13. Thought I'd start another topic for this rain event. For seeing how much rain has fallen, I use https://www.wunderground.com/weather-radar/united-states/mo/springfield/sgf/?region=lit Beaver jumped up from 1129.09 to 1129.26 between 6 and 7 this morning but didn't change at the 8 am reading. It has less than a foot of free board before they start to dump. Question is how much are they going to release? Table Rock has 4 feet of free board. It's at 927.01. Beaver area got a solid 3 inches or more. On east, we got a solid 2 inches plus. I don't think the James will rise too much - don't think TR got hammered like Beaver but TR is going to get a lot of water from Beaver pretty soon. I'm hoping TR can hold what has fallen so they won't have to run too much water through us next week. I don't think it's a matter of flooding for us, it's a matter of whether we will be able to get to our dock, to keep our dock open. This does mean that TR will stay high through the Memorial Weekend which doesn't bode well for resort and marinas. I feel for the State Park guys... and others affected by this high water.
  14. I've sent this to my server guy.
  15. I'll look into it.
  16. It'd be bad if you were sellling them in a shop... but the fish won't care. That sounds as if I'm kidding, but I'm not. A lot of baits are made to sell, not catch fish. The jig on the right will catch fish, if you put it in the right place, at the right time with the right action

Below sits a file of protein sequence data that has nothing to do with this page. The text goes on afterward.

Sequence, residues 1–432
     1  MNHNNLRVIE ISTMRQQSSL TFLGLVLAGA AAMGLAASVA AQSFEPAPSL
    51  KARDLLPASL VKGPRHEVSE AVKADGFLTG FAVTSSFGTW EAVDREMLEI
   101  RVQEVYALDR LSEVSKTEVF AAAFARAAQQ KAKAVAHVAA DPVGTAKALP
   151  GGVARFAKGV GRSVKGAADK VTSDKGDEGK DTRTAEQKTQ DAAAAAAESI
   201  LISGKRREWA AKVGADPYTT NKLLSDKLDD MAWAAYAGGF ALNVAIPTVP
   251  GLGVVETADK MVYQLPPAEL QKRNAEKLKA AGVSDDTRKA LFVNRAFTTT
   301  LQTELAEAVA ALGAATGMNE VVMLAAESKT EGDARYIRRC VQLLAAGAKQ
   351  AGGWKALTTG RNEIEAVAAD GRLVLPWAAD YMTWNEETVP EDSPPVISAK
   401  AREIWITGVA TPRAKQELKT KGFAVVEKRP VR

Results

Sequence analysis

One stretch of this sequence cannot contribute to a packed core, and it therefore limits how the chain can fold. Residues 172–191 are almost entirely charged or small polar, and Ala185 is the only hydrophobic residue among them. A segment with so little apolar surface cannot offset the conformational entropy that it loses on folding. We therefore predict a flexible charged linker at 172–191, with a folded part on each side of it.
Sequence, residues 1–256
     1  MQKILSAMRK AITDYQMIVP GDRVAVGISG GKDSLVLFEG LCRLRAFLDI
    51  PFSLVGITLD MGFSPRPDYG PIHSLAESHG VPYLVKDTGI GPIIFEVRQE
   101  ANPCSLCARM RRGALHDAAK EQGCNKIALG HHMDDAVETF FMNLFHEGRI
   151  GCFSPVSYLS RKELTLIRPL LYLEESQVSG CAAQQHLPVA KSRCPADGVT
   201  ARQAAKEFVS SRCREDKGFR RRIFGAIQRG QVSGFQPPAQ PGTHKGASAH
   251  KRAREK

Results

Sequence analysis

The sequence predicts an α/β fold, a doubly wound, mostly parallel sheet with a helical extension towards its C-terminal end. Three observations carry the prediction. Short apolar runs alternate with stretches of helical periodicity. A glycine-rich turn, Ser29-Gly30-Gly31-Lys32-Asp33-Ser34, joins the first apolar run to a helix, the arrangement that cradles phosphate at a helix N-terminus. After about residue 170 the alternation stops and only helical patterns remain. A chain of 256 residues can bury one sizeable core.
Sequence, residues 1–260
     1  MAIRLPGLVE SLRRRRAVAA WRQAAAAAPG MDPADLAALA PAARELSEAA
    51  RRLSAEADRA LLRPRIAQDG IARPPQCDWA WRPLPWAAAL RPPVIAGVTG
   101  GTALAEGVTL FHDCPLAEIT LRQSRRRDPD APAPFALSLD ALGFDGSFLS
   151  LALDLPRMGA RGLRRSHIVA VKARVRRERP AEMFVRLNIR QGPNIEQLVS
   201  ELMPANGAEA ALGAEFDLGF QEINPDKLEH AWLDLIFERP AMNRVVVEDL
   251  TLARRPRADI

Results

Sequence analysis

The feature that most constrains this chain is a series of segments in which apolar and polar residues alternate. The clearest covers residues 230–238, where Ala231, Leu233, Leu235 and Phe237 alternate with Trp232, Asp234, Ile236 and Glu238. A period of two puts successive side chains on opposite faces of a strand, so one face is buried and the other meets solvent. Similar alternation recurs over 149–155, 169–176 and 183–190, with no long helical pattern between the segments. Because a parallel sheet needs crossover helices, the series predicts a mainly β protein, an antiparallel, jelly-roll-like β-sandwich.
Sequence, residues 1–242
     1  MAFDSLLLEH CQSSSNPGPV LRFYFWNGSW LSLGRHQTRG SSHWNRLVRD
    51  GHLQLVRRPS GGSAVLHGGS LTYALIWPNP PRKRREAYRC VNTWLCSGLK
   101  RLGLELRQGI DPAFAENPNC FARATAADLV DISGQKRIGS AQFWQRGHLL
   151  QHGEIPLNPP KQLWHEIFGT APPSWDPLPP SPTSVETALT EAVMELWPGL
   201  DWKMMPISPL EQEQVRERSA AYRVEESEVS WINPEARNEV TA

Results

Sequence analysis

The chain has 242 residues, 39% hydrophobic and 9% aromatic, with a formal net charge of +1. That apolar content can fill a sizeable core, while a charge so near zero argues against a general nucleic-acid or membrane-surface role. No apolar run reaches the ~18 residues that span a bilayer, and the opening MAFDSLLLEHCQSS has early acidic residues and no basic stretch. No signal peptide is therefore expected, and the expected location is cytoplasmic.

17. Next time I'm up there and catch one, I'll ask him
  18. Bull Shoals Dam is now releasing over their flood gates. 5400 cfs plus 12400 through turbines. Almost 20,000. Hope they increase soon! Table Rock is releasing 10000. Beaver is still holding.
  19. In the conference call yesterday with the Corp and weather service, Steve Bays explained what's next for our lakes - Beaver, Table Rock and Bull Shoals. Once Bull Shoals approaches flood pool, the Corps will balance all 3 lakes as to volume of conservation pool remaining (I think that's the term). They will try to keep the same amount of free space in all 3 lakes without spilling at Bull Shoals. He said they have to wait 7 days after the White River crests at Newport before they can release at Bull Shoals. Even then, the Mississippi's high water will come into play at some point. So in for a wild ride this month.
  20. Flow- I think so. Forecasting 2-2.5 inches of rain this weekend so it'll add more water to the system. Might run more but they'll have to run it through ALL the lakes including Bull Shoals. I guess TR can take some now they have it under 928.
  21. Shut down 7 gates. They're running 3,900 over gates and 7,900 through the turbines. 62.5 over the top and 53 from underneath. Level is 709 feet. Seems really slow compared to what it's been.